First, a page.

The opinion of the court was delivered by: CHARLES P. KOCORAS
CHARLES P. KOCORAS, District Judge:
This matter is before the Court on the government's motion for summary judgment of forfeiture pursuant to 21 U.S.C. § 881(a)(4), (6), and (7). For the reasons that follow, we grant the motion.
This is a drug-related forfeiture action. The plaintiff is the United States Government. The government alleges that the defendant properties were acquired or improved with proceeds from illegal drug activity and/or were used to facilitate felony drug offenses. This Court (Grady, J.) found probable cause to believe that the property was subject to forfeiture and issued an order April 4, 1989 on the government's ex parte motion, allowing the government to seize the defendant property.
Clara Penny ("Penny") was the only owner to file a verified claim to the defendant property. She filed claims as an individual and as the president of West Side Building Corporation.
Penny's husband, Jonathan Penny, did not file a claim within the allotted time and therefore, a default judgment of forfeiture of his interests in the defendant assets was entered by this Court on August 15, 1990.
Penny stated several defenses in her answer to the verified complaint. Penny stated that two parcels of real estate and two vehicles were acquired before the effective date of the forfeiture statute; that three parcels of real estate were not purchased by Penny or West Side Building Corporation but were gifts from Penny's father; and that one vehicle was not purchased by Penny or West Side but was a gift to Penny and her husband.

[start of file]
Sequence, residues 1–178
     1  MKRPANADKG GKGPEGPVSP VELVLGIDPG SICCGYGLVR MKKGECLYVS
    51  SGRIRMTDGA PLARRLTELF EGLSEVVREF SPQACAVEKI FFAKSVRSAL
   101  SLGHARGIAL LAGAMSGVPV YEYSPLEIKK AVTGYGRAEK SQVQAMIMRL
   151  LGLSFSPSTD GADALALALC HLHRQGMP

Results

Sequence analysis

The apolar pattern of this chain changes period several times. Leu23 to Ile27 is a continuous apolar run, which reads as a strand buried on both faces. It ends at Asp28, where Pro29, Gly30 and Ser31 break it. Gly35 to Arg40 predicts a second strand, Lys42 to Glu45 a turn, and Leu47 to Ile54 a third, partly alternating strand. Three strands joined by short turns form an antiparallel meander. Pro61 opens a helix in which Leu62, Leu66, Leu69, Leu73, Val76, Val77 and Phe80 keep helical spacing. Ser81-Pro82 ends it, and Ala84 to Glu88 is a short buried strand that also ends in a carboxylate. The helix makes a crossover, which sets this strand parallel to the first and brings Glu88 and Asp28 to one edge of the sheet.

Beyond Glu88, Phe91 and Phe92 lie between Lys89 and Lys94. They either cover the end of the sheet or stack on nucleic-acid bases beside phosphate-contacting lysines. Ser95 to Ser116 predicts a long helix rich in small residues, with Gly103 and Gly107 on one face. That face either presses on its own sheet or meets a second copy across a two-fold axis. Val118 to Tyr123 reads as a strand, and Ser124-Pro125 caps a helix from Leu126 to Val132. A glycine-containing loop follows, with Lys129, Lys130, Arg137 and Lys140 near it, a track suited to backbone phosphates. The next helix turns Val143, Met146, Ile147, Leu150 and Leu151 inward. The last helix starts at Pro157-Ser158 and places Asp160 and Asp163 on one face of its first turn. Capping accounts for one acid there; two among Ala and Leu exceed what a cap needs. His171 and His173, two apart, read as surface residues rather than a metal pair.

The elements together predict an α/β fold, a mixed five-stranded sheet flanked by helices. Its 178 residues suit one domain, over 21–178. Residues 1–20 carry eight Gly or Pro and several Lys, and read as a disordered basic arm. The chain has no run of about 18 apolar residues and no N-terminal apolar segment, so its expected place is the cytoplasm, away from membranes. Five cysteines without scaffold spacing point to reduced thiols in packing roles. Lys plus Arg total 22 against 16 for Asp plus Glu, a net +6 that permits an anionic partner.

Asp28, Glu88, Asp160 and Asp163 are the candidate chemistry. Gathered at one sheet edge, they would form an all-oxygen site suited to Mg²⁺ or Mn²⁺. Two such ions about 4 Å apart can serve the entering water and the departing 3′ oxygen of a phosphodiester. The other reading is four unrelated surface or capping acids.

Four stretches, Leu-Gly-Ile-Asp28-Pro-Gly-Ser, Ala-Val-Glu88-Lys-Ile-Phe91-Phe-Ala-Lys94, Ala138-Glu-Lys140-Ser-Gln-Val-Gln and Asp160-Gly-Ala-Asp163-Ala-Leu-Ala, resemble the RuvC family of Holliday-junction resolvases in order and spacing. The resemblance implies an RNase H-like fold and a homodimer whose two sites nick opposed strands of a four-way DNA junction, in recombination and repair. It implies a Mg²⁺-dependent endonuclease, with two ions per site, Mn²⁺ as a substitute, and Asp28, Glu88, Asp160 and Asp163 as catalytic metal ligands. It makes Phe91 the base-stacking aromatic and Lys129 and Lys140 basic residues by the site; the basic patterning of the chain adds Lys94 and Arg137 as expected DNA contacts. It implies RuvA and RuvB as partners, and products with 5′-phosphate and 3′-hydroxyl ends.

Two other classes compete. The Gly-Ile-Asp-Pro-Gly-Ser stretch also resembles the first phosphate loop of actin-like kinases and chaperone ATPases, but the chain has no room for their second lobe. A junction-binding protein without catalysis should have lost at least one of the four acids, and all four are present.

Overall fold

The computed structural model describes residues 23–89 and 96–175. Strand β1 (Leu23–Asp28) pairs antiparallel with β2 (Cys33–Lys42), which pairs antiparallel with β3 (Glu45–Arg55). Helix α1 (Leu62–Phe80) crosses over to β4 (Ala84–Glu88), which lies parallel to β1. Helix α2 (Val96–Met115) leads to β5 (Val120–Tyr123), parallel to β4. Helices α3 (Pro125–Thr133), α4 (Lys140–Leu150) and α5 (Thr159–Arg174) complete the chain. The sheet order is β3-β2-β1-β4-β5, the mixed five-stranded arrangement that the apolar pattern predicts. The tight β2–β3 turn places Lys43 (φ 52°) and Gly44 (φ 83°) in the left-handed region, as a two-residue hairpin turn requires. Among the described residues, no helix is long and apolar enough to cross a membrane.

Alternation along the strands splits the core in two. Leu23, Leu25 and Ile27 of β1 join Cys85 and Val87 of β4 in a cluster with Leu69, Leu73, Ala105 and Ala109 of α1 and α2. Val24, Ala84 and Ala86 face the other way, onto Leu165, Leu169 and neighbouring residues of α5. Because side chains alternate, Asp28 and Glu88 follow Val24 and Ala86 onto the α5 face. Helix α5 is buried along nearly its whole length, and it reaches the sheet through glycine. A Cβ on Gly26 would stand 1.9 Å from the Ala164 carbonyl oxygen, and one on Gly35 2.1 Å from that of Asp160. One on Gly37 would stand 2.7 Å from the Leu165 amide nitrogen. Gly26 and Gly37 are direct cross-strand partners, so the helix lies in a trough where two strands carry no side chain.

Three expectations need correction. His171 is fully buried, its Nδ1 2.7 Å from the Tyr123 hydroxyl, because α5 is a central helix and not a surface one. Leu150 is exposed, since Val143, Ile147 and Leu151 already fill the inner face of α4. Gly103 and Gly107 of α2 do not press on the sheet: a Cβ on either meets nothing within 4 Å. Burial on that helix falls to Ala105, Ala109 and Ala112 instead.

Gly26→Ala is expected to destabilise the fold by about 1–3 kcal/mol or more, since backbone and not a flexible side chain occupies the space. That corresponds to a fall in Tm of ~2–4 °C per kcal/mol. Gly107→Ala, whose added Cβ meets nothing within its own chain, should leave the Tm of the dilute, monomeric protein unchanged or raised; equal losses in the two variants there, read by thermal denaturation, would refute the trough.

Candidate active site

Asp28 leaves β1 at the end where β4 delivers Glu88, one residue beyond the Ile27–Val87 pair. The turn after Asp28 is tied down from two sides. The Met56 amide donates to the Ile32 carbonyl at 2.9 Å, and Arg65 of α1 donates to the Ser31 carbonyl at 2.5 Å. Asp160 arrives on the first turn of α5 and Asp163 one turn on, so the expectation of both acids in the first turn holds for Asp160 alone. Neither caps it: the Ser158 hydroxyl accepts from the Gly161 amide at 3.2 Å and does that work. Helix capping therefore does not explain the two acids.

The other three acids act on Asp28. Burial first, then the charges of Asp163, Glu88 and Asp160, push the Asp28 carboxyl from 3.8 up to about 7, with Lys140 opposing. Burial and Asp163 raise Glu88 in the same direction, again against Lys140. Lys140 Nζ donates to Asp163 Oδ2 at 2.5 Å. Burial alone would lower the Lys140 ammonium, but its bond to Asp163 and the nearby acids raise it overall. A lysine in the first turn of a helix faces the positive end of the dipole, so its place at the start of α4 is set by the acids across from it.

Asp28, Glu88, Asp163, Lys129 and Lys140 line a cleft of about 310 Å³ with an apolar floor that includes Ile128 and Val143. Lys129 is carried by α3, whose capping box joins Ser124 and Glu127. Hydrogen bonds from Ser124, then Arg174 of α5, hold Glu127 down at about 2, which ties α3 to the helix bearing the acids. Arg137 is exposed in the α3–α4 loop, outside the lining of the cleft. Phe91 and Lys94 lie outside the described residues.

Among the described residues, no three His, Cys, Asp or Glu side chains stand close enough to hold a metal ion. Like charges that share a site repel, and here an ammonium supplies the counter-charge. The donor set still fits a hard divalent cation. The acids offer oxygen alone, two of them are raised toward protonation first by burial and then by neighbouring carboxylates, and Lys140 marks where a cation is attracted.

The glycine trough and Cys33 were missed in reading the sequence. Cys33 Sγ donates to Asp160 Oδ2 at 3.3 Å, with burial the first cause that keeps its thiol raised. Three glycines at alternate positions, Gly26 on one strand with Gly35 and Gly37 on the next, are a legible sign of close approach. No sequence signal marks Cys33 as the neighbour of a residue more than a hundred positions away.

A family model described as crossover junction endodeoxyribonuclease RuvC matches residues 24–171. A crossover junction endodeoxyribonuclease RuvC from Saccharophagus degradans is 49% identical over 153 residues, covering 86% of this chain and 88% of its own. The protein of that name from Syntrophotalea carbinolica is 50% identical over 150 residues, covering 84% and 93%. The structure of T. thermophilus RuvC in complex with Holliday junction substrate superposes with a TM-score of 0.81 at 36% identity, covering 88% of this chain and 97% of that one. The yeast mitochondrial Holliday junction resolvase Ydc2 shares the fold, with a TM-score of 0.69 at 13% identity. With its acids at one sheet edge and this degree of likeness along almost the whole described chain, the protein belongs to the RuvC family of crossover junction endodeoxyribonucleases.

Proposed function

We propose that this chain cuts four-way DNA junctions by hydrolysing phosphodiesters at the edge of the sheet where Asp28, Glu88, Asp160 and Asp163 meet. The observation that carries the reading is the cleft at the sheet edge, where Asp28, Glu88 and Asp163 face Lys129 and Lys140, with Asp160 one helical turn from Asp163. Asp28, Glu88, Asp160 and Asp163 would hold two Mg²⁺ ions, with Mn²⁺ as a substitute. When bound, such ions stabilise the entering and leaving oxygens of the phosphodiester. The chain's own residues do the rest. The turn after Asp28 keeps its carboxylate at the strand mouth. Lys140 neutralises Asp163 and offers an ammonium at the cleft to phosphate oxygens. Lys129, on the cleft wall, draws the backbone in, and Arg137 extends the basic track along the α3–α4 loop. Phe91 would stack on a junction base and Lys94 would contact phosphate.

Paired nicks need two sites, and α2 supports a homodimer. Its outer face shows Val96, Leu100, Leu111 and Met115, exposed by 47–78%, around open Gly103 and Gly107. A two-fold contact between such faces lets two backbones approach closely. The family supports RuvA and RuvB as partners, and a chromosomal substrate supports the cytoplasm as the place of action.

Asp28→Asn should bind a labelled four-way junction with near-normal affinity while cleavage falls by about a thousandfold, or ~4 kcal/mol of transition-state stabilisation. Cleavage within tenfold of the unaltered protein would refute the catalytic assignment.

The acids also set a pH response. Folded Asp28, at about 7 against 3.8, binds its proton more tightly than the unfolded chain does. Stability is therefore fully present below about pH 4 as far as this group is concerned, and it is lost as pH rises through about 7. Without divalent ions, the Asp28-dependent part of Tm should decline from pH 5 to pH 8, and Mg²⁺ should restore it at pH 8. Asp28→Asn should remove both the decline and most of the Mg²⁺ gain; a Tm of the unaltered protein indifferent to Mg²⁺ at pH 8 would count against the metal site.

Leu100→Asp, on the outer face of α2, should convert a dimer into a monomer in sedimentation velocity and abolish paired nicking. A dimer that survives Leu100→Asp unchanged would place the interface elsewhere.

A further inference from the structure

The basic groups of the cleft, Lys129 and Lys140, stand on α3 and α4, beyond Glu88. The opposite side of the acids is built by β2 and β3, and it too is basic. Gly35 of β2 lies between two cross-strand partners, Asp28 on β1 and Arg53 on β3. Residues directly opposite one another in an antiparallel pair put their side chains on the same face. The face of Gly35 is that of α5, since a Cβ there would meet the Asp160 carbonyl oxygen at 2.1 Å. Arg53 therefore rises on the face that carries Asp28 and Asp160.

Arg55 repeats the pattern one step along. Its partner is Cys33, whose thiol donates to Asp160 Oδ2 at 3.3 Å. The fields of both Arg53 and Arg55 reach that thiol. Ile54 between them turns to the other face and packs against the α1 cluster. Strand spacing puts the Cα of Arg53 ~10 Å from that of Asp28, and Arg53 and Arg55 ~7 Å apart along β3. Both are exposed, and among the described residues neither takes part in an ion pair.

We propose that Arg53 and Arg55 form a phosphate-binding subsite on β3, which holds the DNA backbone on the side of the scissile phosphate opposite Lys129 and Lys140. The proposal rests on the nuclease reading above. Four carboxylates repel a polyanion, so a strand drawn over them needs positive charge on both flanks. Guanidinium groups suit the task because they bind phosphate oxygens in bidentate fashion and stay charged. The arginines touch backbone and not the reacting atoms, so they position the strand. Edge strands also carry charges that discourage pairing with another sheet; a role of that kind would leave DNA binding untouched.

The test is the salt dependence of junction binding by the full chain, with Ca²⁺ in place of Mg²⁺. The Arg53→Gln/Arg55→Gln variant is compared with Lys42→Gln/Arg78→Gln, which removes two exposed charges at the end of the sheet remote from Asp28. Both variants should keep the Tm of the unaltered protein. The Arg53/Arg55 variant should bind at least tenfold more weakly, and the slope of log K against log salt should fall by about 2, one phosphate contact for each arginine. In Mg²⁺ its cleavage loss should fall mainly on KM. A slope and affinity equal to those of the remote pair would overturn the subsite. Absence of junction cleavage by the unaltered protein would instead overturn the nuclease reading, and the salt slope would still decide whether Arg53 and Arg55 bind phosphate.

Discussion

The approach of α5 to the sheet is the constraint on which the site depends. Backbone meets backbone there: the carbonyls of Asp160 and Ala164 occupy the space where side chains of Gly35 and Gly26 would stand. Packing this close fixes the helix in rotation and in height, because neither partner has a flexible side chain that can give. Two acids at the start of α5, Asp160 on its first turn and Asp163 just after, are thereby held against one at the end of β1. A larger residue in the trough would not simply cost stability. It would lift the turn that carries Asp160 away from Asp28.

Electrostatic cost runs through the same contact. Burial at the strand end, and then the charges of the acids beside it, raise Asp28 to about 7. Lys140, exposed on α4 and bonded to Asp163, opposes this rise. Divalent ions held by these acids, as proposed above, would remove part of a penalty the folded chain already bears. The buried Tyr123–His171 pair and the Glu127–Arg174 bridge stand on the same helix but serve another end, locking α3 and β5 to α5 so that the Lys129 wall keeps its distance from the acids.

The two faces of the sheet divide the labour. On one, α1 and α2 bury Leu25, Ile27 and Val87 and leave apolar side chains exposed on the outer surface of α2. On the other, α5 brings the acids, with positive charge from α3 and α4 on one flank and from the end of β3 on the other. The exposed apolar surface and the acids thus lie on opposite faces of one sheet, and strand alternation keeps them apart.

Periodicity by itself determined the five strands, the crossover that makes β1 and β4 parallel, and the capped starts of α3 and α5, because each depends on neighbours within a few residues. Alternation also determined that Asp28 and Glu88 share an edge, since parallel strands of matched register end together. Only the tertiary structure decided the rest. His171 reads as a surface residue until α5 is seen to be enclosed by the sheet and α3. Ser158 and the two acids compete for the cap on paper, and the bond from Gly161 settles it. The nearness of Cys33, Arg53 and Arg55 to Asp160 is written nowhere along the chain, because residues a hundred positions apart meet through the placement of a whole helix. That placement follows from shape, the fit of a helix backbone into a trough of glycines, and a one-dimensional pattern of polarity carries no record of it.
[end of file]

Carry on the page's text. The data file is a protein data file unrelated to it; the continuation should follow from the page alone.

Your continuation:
Further, she stated that two vehicles were purchased with funds from Penny's credit union.
Penny responded to interrogatories on July 26, 1990. The government deposed Penny April 7, 1992. At the deposition, Penny asserted her Fifth Amendment privilege against self-incrimination in response to all questions relevant here. Penny states that her reason for doing so was that she was told that she was the subject of a grand jury investigation, that indictments had been returned, and that her testimony could be used against her in a criminal proceeding. Penny's Response, at 5. Penny was not, in fact, indicted, but her husband was. Jonathan Penny was convicted on September 10, 1993 in a jury trial on both counts of a two-count indictment. The indictment charged violations of 21 U.S.C. §§ 841(a)(1) and 846. Jonathan Penny was found guilty of selling, distributing, or dispensing narcotics and conspiracy to do the same.
Summary judgment is appropriate if the pleadings, answers to interrogatories, admissions, affidavits, and other materials show that there is "no genuine issue as to any material fact and the moving party is entitled to judgment as a matter of law." Fed. R. Civ. P. 56(c). Only those disputes over facts that might affect the outcome of the suit under the governing law properly prevent a grant of summary judgment. Anderson v. Liberty Lobby, Inc., 477 U.S. 242, 248, 91 L. Ed. 2d 202, 106 S. Ct. 2505 (1986). A genuine issue exists if there is "sufficient evidence favoring the non-moving party for a jury to return a verdict for that party." Id. at 249.
The party seeking summary judgment has the initial burden of showing that no such issue of material fact exists. When a properly supported motion for summary judgment has been made, the opposing party must then "set forth specific facts showing that there is a genuine issue for trial." Cooper v. Ford Motor Co., 748 F.2d 677 (Fed. Cir. 1984). The opposing party is entitled to the benefit of all favorable inferences that can reasonably be drawn from the underlying facts, but not every conceivable inference. De Valk Lincoln Mercury, Inc. v. Ford Motor Co., 811 F.2d 326, 329 (7th Cir. 1987). It is in consideration of these principles that we turn to the present motion for summary judgment.
At the outset, we wish to acknowledge the candor displayed in Penny's brief regarding unfavorable precedent. While this integrity should not be cause for comment, ...